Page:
In the latest of a series that sees Standard Issue writers celebrate the clothes that make them happy, Daisy Leverington says adiós to the shoes that summed up a decade.
The phone in our holiday bungalow was ringing. I was still drunk.
“Helloyes?” I mumbled.
“Er, hello, this is reception. Your shoes have just arrived in a taxi.”
My shoes? But I was wearing them at 5am when I staggered through the…oh shit.
“Tha’swonderful. Be there in a jiffy.”
Gran Canaria, 2002. I’d only brought one pair of going-out shoes: my black leather Clarks’ mid-heel sandals, the ONLY shoe with a heel I could walk in. They were my favourite shoes and, on this girls’ 18-30 holiday, they had just been on their own big adventure.
I arrived at reception a scraggy, barefoot mess.
“Thanks,” I muttered as I grabbed my trusty shoes, which had inexplicably arrived back at the complex’s reception desk by cab at 8am.
To this day I don’t know what happened, or how they found their way home, but they are still my favourite – and most loyal – items of clothing.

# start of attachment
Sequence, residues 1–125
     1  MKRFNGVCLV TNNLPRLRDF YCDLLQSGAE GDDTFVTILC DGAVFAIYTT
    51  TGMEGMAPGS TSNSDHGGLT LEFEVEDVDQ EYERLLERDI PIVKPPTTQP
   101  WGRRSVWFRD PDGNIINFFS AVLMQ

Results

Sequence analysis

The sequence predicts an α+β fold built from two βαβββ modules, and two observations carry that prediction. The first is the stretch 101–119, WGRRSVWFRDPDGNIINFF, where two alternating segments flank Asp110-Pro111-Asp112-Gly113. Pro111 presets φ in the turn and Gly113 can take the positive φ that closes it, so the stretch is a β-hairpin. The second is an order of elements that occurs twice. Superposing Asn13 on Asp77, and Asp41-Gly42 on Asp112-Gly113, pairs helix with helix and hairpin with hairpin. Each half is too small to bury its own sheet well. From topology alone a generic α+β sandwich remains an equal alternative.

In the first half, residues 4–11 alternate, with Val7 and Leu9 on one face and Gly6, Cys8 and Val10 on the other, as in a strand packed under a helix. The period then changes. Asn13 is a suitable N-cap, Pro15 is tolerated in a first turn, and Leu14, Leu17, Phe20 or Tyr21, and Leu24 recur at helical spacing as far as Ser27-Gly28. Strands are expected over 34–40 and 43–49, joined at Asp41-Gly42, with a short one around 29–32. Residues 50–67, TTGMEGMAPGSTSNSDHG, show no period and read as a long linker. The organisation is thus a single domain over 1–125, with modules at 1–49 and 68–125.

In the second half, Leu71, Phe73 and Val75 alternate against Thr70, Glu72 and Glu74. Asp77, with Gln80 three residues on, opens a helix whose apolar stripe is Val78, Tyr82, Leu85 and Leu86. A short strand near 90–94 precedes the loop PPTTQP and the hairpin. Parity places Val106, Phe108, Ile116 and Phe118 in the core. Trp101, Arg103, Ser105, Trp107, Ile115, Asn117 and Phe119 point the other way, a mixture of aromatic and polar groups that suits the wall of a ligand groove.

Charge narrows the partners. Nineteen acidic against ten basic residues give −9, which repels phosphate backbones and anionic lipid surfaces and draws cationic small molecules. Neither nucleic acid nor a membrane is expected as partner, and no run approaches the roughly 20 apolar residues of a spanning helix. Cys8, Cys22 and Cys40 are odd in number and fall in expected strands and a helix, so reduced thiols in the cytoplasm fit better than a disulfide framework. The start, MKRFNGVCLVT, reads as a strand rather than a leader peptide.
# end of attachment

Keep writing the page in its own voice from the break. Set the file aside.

They saw me through three university end-of-term balls. One where I got drunk on bitter because I couldn’t afford wine and then hitchhiked from Old Trafford back to Chester; one where my ex had the cheek to chat to a girl I didn’t recognise and I spent the remainder of the evening weeping in the toilets, and another where I had a brilliant time, ending with a shag in a Travelodge. Awesome.
They never once gave me a blister and were just the right height to ensure I didn’t look like I needed a poo when I walked in them. They looked great with everything and I never had to waste brain cells deciding what to wear with an outfit as I didn’t own anything else.
They went from “totally casual, yeah?” first date apparel to “we’ll probably be having sex soon” fourth date outfit in a flash, depending on what I chucked on with them. They were a bit shiny, but not enough to scream: “Try it” at the fellas. They were re-heeled so often I made friends with the lady who worked at the shoe stall (we once went to the theatre together).
My black shoes summed up my crazy, carefree years: my 18-28, before-kids-and-first-marriage, getting drunk, climbing on stuff and getting naked nonsense years. They eventually just fell apart; the lady at the shoe stall said nothing more could be done. I didn’t cry at the time but they left a big hole in my heart.
And the fucking taxi bill was £38.
Daisy Leverington - Actor, mother, expert at winging it.